At a certain point, if having a presence in the United States is a priority for your business, opening a bank account in the United States will be required to conduct daily business operations. Here are three reasons you will need to open a bank account in the United States:
In the United States, many tax bodies and state departments require checks as an approved method of payment. For example, payment for the Texas Franchise Tax can be easily done via check. Other groups prefer physical checks over electronic payments, including landlords, insurance agents/companies, and tradespeople.
Most online banking systems in the US have online bill pay functionality so you can send a check without physically having to write one. One of HPC’s favorite solutions for cutting checks is Bill.com, as it syncs with Xero to eliminate duplicate data entry and allows customers to pay their bills on their mobile phone.
International businesses may be surprised to learn how often customers want to pay via check. It’s often said that baseball is America’s favorite pastime. However, it might actually be writing checks. Even with the emergence of online banking and electronic transfers, the United States remains the world’s biggest user of checks. As a result, you won’t be able to deposit the checks you receive into virtual accounts.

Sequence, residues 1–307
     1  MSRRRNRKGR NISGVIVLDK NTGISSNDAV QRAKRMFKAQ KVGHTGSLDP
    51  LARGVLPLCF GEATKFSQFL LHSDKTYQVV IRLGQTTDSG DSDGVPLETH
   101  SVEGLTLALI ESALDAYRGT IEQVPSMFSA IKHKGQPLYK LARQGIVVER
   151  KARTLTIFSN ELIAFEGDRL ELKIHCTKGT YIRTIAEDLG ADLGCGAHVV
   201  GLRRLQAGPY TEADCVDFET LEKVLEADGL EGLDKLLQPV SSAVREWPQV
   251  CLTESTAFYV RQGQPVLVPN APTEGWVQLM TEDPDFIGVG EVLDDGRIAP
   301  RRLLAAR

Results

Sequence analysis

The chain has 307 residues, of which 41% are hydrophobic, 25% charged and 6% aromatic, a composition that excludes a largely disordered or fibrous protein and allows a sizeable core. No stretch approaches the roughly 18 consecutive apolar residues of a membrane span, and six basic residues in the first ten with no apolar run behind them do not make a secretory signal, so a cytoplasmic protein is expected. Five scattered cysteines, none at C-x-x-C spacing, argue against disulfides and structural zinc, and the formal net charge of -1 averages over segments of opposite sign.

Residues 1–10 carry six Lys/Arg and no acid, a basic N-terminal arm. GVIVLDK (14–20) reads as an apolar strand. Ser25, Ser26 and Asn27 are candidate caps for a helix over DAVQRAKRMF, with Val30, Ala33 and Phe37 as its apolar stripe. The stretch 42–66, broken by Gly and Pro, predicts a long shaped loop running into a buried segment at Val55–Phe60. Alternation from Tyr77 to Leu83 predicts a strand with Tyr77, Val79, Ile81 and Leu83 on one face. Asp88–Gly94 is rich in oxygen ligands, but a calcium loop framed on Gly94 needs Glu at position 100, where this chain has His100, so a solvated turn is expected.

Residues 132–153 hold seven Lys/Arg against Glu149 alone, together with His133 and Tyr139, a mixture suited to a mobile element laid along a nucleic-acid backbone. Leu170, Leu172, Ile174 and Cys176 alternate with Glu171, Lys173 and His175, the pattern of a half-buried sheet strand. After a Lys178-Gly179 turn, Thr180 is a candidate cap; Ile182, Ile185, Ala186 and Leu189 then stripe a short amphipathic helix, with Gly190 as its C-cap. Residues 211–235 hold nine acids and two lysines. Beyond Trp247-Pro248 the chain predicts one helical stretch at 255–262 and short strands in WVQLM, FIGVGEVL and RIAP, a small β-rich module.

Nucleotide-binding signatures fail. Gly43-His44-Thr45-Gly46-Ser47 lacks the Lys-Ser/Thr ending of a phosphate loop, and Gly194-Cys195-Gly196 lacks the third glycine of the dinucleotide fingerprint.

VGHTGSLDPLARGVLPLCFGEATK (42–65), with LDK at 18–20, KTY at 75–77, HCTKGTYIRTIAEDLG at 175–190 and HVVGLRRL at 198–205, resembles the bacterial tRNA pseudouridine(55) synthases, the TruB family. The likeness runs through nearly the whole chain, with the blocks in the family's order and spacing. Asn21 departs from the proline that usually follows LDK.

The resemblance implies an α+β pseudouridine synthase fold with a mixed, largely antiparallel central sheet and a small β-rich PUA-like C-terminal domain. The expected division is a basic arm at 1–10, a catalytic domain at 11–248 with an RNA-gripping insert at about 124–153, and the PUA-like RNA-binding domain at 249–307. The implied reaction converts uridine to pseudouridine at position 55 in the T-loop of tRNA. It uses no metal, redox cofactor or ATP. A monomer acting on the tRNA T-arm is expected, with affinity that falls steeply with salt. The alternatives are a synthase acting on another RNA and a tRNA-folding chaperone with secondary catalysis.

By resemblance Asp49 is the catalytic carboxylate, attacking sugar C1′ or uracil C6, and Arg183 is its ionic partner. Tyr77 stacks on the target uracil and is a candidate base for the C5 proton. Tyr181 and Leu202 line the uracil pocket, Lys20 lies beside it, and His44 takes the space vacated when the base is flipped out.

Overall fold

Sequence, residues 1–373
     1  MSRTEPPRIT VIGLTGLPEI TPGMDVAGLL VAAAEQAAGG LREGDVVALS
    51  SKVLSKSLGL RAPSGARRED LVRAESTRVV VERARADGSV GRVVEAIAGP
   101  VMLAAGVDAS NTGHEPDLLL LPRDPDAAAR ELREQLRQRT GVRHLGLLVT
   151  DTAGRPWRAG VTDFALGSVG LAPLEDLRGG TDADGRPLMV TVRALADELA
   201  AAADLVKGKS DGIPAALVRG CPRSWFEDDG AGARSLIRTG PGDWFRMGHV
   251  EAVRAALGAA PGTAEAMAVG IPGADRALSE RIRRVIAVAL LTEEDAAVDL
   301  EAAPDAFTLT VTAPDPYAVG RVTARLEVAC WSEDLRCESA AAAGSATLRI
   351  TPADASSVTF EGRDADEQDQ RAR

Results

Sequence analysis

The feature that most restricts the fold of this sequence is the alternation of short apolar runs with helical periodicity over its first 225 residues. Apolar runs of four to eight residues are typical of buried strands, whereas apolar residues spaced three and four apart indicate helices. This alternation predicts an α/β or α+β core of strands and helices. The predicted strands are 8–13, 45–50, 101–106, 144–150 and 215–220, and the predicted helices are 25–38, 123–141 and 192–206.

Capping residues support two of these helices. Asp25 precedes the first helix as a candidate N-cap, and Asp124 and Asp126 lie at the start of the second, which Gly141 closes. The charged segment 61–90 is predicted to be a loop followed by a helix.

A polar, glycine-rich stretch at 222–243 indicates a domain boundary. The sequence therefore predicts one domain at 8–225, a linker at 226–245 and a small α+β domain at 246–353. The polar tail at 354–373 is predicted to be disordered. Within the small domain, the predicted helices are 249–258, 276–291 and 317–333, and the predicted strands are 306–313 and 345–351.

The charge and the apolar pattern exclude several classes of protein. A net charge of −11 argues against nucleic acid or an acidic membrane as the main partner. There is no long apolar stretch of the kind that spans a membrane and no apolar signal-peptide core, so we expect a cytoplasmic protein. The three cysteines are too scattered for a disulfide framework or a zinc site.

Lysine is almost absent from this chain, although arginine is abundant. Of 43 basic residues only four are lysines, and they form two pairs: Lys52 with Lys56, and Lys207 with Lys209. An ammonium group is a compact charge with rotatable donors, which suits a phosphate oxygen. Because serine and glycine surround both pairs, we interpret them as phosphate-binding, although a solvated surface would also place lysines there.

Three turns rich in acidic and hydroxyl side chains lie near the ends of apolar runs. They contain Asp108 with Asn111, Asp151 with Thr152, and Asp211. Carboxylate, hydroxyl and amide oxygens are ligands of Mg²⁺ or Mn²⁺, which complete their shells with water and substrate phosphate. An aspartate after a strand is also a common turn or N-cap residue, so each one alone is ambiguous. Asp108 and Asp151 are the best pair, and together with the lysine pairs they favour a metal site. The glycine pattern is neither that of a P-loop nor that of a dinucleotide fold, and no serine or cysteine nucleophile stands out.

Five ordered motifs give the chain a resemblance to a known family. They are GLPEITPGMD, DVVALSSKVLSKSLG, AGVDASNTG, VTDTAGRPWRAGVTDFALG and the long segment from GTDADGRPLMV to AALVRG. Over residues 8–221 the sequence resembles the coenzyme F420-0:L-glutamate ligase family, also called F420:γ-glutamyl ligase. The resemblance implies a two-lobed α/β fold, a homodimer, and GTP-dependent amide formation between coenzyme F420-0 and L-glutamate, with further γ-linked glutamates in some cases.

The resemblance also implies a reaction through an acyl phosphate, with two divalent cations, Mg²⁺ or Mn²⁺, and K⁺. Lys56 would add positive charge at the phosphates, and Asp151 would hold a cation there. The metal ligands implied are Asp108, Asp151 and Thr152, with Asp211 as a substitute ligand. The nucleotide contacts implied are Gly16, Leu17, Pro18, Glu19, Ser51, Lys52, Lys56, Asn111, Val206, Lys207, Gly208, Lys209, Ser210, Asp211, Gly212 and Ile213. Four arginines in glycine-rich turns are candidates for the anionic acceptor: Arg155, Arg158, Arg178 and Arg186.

Once you have a bank account, you can use something like Earth Class Mail. This will allow you to select a physical address vs a PO box or trying to use your Registered Agent to handle your important mail. Earth Class Mail and certain banks will allow you to do remote deposits for checks you may receive.
If and when you ever want to hire employees in the US you will need to have a US bank account. This account will be used with your payroll software to issue employee checks, withhold and remit payroll taxes, and to pay your payroll provider.
For more information on US payroll and benefits, please see our blog post on Obtaining Benefits for Your US Employees.
Ready to expand to the US market? Instead of conducting business through a foreign company or account, consider a more formal expansion.
Our Guide to Expanding to the US should be a helpful resource, or you can get in touch to discuss directly by clicking the link below.